Fewer crashes on ‘smart motorway’ stretch of M1, police figures reveal
Highways England launched the £205 million smart motorway in 2016
Police in Derbyshire have been called to fewer crashes on a stretch of the M1 since it became a smart motorway with the hard shoulder becoming a fourth lane, it has been revealed.
Figures obtained by a Freedom of Information Act show Derbyshire Constabulary’s officers were called to 124 collisions between junction 28 at Alfreton and junction 31 at Aston near Sheffield in the year before the smart motorway was introduced.
In the year after it was installed, police attended 52 crashes on the same stretch.
The latest figures show that between the end of last March and the start of January, officers have been called to 20 collisions on the stretch.
Highways England – which did not want to comment on the drop in the number of collisions – launched the £205 million smart motorway in 2016.
Smart motorways involve using the hard shoulder for traffic unless a red X sign indicates it is closed, usually because of an accident or a broken-down vehicle.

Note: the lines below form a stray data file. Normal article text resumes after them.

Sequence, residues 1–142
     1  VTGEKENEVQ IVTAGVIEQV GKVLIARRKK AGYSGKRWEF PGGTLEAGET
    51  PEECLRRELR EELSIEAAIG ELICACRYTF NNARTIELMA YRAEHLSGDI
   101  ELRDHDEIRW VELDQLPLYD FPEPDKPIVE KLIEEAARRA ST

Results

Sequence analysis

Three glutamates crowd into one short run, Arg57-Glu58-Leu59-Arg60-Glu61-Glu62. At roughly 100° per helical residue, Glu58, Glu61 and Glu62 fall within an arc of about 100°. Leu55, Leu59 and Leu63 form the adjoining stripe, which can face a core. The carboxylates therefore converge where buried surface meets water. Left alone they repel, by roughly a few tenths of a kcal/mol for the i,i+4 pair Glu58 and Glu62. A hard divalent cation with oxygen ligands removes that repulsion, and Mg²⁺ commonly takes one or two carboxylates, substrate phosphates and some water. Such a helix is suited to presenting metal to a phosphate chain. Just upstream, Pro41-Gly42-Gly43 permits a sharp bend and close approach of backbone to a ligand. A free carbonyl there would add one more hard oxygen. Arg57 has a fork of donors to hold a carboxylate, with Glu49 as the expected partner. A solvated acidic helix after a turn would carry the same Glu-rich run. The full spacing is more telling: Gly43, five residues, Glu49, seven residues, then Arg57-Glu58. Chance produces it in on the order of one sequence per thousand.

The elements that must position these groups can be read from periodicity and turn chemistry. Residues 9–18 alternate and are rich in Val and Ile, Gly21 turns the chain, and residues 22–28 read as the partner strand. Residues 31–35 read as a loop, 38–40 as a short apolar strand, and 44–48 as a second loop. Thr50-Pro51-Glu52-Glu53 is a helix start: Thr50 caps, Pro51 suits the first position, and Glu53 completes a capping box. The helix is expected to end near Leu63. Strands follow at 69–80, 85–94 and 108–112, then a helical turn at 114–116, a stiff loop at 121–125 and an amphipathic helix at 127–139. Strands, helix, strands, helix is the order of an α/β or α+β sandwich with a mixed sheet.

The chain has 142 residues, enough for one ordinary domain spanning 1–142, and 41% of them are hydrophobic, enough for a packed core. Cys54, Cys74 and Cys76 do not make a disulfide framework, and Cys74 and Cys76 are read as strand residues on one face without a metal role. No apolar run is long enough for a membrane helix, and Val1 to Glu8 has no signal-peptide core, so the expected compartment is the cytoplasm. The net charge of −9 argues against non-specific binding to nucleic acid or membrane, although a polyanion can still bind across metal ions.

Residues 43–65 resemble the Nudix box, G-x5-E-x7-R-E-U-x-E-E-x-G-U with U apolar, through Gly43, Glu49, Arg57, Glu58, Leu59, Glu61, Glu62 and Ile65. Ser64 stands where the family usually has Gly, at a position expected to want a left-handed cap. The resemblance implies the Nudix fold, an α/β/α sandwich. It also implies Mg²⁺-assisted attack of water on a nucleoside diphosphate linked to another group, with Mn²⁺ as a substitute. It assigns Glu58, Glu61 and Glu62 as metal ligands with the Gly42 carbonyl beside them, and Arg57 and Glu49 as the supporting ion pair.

The lanes are controlled by the use of overhead signs co-ordinated by highways staff in a control room.
As well as the M1, parts of the M4, M5, M6 and M42 have already been converted into smart motorways.
Major roadworks are already underway to convert the M1 stretch between junctions 23A, for East Midlands Airport, and junction 25, for the A52 for Derby and Nottingham into a smart motorway.
One AA poll found that eight out of 10 drivers think that the removal of hard shoulders on smart motorways has made motorways more dangerous than four years ago, the Derbyshire Timesreports.
But in a letter to the Government, Jim O’Sullivan, chief executive of Highways England, said: “Evidence demonstrates that smart motorways deliver comparable levels of safety to traditional motorways.”
From March, in a bid to increase safety on smart motorways, there will be harsher penalties for drivers found using lanes with a red X sign.